After the simple build, we're all ready to play. And after only a few minutes it's easy to see: this set is all geared towards playability.
The two vehicles included allow for off-base scenarios, while the three different minifigs give you a nice dynamic in your play scenarios around the base.
With Commander Cool away, the foot folk get their chance to make use of that frozen slope...
...as long as they don't forget to turn off the killer lasers at the bottom of the ramp.
Of course even when your imagination isn't running wild, you can still spend some time just launching rockets. No review of this set would really be complete without a closer look at the whole rocket business, so as such, I present to you...
The launching procedure
One of the explorers fits the primed rocket with a new satellite...
...after which he makes sure the magnet arm grabs on to it tightly.
Now, the next step involves some cheating. If you start like we did above, you'll find the rocket ends up facing the wrong way in its holder. If you start with the rocket the other way around, you'll have to wait putting on the satellite until the nose cone sticks towards mission control, which somehow made less sense to me. There's a place to hold the unused sattelite's in the lower area, so it makes more sense to attach them to the rockets there.
Oh well. Through the magic of editing, we'll skip the alternate steps and just assume the rocket ended up in its launch rig properly...
The arm puts the rocket in place. Last minute tweaks to the satellite may be executed from mission control.
The rocket is raised into place.
With the rocket on its launch pad and the doors back open, the holder can be lowered and the satellite dish can be raised to calculate the rocket's trajectory. Time for the countdown...
The Final Tally
Design: 8/10 Keeping in mind that this set is designed for playability, I think they did a good job. It's an excellent playset with a lot of nice little features, but there's not much in there in terms of build excitement. Almost all the details are added directly onto the raised baseplate. The color scheme is great though.
Parts: 7/10 Lots of plates, not many bricks and not many different colors either. There's a lot of trans-orange parts, which was nice at the time, since it was a rare color back then. Luckily, if you're going to build something there's short of a dozen wheels included so you can make a nice big vehicle. If you're going to do something landbased, you'll probably want to stick to the raised baseplate, but that can be a bit limiting.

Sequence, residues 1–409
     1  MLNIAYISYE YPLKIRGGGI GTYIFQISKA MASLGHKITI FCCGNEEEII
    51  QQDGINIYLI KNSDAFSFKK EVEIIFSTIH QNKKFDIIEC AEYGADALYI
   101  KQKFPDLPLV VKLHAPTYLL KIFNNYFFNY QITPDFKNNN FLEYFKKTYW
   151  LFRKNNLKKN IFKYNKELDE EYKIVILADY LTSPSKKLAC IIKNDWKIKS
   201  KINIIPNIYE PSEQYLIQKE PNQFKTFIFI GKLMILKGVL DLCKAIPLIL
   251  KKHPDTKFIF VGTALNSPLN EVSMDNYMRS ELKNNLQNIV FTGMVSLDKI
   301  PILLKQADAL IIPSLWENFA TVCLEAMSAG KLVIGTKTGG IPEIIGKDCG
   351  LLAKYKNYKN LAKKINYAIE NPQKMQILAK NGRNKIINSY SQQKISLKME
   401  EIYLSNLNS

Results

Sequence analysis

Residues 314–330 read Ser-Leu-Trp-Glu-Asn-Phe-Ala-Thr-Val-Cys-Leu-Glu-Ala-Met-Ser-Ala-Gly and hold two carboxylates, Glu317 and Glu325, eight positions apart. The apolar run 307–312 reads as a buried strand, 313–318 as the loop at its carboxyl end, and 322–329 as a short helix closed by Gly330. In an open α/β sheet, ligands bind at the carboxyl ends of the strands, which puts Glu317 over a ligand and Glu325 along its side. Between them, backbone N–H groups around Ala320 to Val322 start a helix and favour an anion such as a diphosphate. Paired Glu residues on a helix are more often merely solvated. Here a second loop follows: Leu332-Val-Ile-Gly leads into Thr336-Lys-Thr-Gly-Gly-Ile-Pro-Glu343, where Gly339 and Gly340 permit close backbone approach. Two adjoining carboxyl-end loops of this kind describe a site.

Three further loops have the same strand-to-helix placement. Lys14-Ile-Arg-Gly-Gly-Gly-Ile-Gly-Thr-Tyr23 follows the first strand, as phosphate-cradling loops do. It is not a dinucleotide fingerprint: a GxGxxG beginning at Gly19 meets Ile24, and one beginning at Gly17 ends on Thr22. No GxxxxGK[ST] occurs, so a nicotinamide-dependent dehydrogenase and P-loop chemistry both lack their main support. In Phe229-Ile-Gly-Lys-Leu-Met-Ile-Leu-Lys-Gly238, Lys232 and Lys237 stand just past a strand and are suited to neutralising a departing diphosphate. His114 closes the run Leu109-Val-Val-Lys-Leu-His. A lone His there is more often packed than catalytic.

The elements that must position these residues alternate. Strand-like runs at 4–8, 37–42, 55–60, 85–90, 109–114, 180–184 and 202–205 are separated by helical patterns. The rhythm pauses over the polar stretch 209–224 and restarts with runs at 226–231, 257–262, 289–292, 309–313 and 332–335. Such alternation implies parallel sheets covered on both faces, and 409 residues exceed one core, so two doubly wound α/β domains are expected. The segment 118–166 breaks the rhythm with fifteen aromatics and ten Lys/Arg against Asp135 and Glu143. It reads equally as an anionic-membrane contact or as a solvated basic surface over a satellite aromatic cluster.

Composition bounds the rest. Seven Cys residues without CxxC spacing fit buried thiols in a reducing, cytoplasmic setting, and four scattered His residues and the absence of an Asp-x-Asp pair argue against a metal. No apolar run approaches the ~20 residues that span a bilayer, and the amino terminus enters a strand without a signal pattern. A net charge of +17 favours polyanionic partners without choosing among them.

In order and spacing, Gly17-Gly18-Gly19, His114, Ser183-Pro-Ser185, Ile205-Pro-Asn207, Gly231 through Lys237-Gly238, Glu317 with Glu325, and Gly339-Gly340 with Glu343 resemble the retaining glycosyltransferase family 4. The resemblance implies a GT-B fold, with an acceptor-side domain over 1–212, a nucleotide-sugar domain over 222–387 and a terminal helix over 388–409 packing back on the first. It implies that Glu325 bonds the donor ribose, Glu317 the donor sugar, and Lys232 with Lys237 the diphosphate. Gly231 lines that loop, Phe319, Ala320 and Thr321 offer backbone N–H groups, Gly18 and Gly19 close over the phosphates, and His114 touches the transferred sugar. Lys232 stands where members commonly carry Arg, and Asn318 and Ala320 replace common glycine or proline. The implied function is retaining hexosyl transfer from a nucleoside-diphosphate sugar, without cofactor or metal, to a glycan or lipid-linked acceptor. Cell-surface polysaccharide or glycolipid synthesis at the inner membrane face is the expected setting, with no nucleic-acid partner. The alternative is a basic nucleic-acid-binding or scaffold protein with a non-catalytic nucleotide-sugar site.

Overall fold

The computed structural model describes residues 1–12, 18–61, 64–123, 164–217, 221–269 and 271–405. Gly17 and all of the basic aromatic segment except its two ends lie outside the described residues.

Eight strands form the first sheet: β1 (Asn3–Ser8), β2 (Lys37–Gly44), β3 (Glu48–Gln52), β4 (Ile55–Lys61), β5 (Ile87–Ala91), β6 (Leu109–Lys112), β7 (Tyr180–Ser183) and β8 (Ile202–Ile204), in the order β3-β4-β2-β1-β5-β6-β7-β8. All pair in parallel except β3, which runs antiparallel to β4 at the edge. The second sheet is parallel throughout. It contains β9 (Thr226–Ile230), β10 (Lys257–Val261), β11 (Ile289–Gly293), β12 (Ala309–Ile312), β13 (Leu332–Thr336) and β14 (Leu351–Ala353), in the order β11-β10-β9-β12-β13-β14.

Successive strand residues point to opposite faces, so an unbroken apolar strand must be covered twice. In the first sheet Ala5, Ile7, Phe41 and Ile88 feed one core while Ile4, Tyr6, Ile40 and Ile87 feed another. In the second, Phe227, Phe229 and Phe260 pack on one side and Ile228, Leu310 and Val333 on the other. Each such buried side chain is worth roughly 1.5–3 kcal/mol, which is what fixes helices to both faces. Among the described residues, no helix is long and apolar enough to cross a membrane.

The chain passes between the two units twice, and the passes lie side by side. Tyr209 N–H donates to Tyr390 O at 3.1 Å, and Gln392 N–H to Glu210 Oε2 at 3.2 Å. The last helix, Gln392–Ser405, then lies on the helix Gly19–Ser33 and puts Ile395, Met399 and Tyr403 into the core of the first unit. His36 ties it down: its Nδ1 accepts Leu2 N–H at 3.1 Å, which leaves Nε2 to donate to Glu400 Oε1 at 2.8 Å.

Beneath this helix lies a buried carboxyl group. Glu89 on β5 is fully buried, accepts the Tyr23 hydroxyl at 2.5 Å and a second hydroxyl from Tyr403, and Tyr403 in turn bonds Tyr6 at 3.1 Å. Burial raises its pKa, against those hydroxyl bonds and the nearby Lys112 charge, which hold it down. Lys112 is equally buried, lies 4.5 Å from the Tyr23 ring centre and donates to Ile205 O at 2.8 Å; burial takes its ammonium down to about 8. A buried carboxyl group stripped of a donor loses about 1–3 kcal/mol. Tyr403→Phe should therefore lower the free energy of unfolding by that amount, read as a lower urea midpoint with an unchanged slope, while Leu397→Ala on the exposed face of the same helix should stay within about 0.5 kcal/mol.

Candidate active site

Minifigs: 9/10 All of the theme's minifigs included in one set. Excellent. The diversity also helps in creating scenarios: a senior commander, a cocky young explorer and a tough ice babe all together in a single package is a very good move.
Build: 5/10 The launch construction is decent, but most of the time you're just stacking a few plates on a giant raised baseplate. Meh.
Playability: 10/10 Endless opportunities. Mutinies, dangerous launch pits, rockets gone awry, snow storms, stranded vehicles... the list is endless. This truly is a playset and it's wonderfully stocked for it. Just launching a rocket will keep you entertained for a while, but the addition of the vehicles and the diverse cast of characters will soon let your imagination run wild. Great playability.
Price: 7/10 As far as builds go, I think 60 dollars is a hefty price for this one. But as a playset, it's alright. Granted, you do get a large parts selection, but I still think it might have been just slightly on the steep side. The set's great playability balances it out.
Overall: 7.7/10 (average) I'm actually a bit surprised to see the average come out in such a middle-of-the-road score. Before this review, I would easily have given this set an 8 or higher, but I guess the build factors in much more heavily to me now than it did before. If you get this for the build you'll be sorely disappointed. But if you get this for its play value, you'll get your money's worth and then some!